The JHU Forums on Race in America are returning for the 2016-17 academic year with a panel discussion titled "The Next 50 years: Black Power's Afterlife and the Struggle for Social Justice," featuring Robin Kelley, Dayvon Love, and Salamishah Tillet.
The event, at 7 p.m. on Sept. 27 in Shriver Hall, will draw on the three panelists' expertise in African-American history, social activism, and political organizing. Nathan Connolly, an associate professor of history at Johns Hopkins University, will moderate the discussion with questions that consider the importance of black knowledge and experience in securing racial and economic justice in American politics and institutions from the 1970s until today.
"All three panelists have explored how black experiences of state violence and black ways of learning to avoid, interrogate, and contextualize that violence have proven instrumental to the development of (or simply hopes for) more just policies," Connolly says.
Writer and historian Robin D.G. Kelley is one of the country's most distinguished experts on African-American studies and a lecturer at numerous colleges and universities. He holds the Gary B. Nash Chair in U.S. History and African American Studies at UCLA and is a prize-winning book author and essayist on topics of race and history.
Dayvon Love is a Baltimore-based political organizer and co-founder of Leaders of a Beautiful Struggle, a youth-led, grassroots think-tank that advances the public policy interests of black people. He now serves as director of research and public policy for that organization and promotes the idea that any group or campaign that sets out to fix policies that harm predominantly African-American communities—including those related to affordable housing, economic development, education, and criminal justice reform—must be led by African-Americans.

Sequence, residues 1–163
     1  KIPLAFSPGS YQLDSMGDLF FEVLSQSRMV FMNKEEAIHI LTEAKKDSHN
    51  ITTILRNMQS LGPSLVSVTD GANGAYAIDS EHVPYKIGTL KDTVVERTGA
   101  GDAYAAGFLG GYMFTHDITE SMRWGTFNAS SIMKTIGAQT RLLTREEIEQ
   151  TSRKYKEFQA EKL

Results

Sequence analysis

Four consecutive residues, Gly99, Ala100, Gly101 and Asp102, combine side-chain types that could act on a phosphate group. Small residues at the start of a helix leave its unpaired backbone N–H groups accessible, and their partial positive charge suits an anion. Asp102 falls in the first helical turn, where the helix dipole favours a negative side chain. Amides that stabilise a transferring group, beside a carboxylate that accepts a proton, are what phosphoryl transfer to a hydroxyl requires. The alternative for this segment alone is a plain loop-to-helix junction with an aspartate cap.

Salamishah Tillet is a scholar, activist, social critic, and media personality who has spent her career championing the rights and lives of the most invisible citizens. She has appeared on numerous television programs, published articles in national newspapers and magazines, and regularly contributes to The New York Times. Currently, she is an associate professor of English and Africana Studies and a faculty member of the Alice Paul Center for Research on Women, Gender, and Sexuality at the University of Pennsylvania.
The JHU Forums on Race in America series launched in spring 2015 when turmoil in U.S. cities, including Baltimore, turned a national spotlight on issues of race and racism. Those events lent urgency to the forums, which have since featured five speakers as they have sought to support an open, thoughtful, and informed community conversation.
"The hardships that inspired the uprising that struck Baltimore in April 2015 and the ongoing efforts to create a 'Roadmap for Diversity' at Hopkins require, among other things, acknowledging, working through, and actively preventing African-American encounters with racism," Connolly says. "There's a history to this. Civil Rights legislation intended to secure African-American equality created the legislative foundation for our present day multiculturalism. Now, in recognizing the limits of institutional multiculturalism, we've witnessed the emergence of several new black movements, including the #BlackLivesMatter Movement.
"These efforts represent, in effect, a BlackThoughtMatters movement," he adds, "one that, if engaged creatively and courageously, can help institutions like Hopkins and cities like Baltimore respond more promptly to racial and economic injustices and challenges."
Sunil Kumar, provost and senior vice president for academic affairs, said in a message to the university community: "As I begin my tenure as the university's provost, I am impressed by the lineup of scholars and activists who have participated in the forums since they began in spring 2015. I invite you to be a part of this open, thoughtful, and informed community conversation about racial inequality and deep divisions that exist in our society."